Cautious Lending From Banks Could Lead to Subdued Property Market

Real estate agents said yesterday that while transactions in the property market were picking up, prices could remain stagnant for years after dropping in some cases by nearly 50 percent from the record heights of 2008.

Experts say that a lack of credit for home loans from banks is restraining demand in the residential property market, especially in suburban areas of Phnom Penh and the provinces.

“There is more purchasing, but people should not get confused that prices in the market are going to increase,” said Sung Bonna, chairman of Bonna Realty Group.

Mr Bonna said that while a small rise in home loans had resulted in a 10 percent increase in transactions in inner-city areas in the first eight months of the year, prices had still not moved since the market bottomed out in the second quarter of this year.

“It will take between one and two years until prices bounce back to the levels of 2008,” he said, adding that the recently adopted foreign ownership law, which allows foreigners to own up to 70 percent of condominium buildings, had not yet brought about any substantial increase in demand for property.

The most recent data from the National Valuers Association of Cambodia show that residential property prices in Phnom Penh during the second quarter of this year were down 45 percent at an average $1,500 per square meter compared to the first quarter of 2008, when prices in the market peaked.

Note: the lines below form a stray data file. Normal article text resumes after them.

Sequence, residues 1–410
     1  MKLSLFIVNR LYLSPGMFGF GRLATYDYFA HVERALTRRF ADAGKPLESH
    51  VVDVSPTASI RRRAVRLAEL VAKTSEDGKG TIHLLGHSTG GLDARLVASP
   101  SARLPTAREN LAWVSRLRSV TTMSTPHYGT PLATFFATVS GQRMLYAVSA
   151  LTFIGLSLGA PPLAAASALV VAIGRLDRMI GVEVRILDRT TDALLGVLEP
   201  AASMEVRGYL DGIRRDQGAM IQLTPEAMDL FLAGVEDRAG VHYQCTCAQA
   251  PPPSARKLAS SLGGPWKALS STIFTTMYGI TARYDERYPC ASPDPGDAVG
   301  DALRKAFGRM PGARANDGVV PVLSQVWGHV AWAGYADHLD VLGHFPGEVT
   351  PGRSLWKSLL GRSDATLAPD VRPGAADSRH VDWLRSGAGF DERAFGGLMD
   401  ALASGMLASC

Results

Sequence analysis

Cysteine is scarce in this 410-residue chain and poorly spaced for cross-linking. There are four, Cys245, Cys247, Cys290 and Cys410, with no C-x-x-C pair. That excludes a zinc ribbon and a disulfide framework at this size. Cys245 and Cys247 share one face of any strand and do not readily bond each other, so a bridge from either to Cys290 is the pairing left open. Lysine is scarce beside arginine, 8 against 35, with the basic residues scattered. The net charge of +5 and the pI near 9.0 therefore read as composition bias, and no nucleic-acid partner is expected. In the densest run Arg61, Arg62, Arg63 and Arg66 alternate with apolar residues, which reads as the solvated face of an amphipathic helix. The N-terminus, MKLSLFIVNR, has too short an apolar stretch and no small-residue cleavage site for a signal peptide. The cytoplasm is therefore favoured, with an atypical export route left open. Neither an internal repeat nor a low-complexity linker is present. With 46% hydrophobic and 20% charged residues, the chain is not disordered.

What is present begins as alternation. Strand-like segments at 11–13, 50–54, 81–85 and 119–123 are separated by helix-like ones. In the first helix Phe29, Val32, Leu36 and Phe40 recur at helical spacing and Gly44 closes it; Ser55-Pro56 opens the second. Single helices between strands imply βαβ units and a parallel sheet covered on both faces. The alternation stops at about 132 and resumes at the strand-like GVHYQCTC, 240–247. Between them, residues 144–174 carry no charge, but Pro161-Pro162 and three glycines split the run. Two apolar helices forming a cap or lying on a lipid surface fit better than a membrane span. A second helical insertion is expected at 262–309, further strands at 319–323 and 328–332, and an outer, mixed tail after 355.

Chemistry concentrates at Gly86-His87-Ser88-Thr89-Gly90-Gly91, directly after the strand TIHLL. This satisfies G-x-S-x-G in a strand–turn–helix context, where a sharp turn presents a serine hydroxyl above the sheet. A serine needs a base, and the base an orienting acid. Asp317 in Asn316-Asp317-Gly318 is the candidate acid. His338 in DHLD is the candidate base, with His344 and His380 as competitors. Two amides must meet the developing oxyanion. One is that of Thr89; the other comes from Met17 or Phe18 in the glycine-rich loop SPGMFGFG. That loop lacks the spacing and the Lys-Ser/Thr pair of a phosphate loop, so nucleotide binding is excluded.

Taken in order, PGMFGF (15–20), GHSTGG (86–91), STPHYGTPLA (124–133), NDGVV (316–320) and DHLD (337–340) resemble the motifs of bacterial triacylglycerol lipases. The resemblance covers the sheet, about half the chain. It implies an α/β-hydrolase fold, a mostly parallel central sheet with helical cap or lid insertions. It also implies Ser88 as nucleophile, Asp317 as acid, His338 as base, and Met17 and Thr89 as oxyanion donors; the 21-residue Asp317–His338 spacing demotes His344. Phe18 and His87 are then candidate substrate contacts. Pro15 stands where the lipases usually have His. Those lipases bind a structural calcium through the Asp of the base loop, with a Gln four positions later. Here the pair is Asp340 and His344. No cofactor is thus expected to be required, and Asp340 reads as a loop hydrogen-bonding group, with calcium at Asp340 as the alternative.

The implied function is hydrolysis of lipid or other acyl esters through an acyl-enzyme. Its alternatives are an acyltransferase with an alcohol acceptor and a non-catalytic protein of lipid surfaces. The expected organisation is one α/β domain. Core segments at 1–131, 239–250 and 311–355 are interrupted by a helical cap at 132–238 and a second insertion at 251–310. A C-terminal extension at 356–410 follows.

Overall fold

Commercial property prices in the second quarter were also down 47 percent at $2,600 per square meter compared to nearly $5,000 per square meter in the first quarter of 2008.

Most banks here lend between 60 percent and 70 percent of the property’s total value, but only on the condition that the borrower has a fixed land title that can be held by the bank as collateral. However, banks are still shying away from covering so much of the property’s value through credit.

In Channy, CEO of Acleda Bank, said that a continued risk of defaults on loans had kept the bank operating on the cautious side, rarely lending beyond 25 percent of the property’s total value.

“We cannot increase the housing loans beyond the current ceiling,” he said. “If we up the percentage, things could be difficult for us.”

“We are very conservative,” said Charles Vann, executive vice president of Canadia Bank. “If it’s a good location, we might consider a higher loan value.”

At Canadia, home loans will only cover more than 50 percent of the property’s value if it is located in a prime spot and comes with a hard land title. Borrowers in suburban areas currently only have access to loans covering about 40 percent of the property’s value.

(Additional reporting by Simon Marks)



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